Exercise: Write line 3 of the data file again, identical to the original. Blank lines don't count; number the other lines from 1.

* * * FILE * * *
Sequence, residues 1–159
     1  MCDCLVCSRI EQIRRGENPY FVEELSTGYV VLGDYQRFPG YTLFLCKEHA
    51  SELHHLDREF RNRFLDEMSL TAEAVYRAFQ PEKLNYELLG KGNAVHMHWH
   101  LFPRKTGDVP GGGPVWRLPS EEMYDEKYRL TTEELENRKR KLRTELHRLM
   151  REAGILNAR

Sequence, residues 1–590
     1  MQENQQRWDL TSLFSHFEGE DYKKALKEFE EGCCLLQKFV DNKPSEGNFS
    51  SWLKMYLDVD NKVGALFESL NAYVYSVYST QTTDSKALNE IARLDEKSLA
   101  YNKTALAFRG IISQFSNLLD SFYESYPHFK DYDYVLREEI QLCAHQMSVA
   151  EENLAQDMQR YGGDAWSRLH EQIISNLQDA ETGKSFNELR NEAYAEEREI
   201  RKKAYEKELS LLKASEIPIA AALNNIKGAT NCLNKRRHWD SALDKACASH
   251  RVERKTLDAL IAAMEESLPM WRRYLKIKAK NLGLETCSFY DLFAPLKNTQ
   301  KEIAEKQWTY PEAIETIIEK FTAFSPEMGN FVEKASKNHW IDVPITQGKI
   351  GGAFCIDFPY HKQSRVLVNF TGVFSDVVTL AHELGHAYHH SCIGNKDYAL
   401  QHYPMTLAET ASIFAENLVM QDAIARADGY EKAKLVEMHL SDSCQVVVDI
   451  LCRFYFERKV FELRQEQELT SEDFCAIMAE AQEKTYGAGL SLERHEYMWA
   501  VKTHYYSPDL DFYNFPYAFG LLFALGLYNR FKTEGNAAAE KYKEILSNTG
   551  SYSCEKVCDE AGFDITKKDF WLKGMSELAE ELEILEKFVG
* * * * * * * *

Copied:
    51  SELHHLDREF RNRFLDEMSL TAEAVYRAFQ PEKLNYELLG KGNAVHMHWH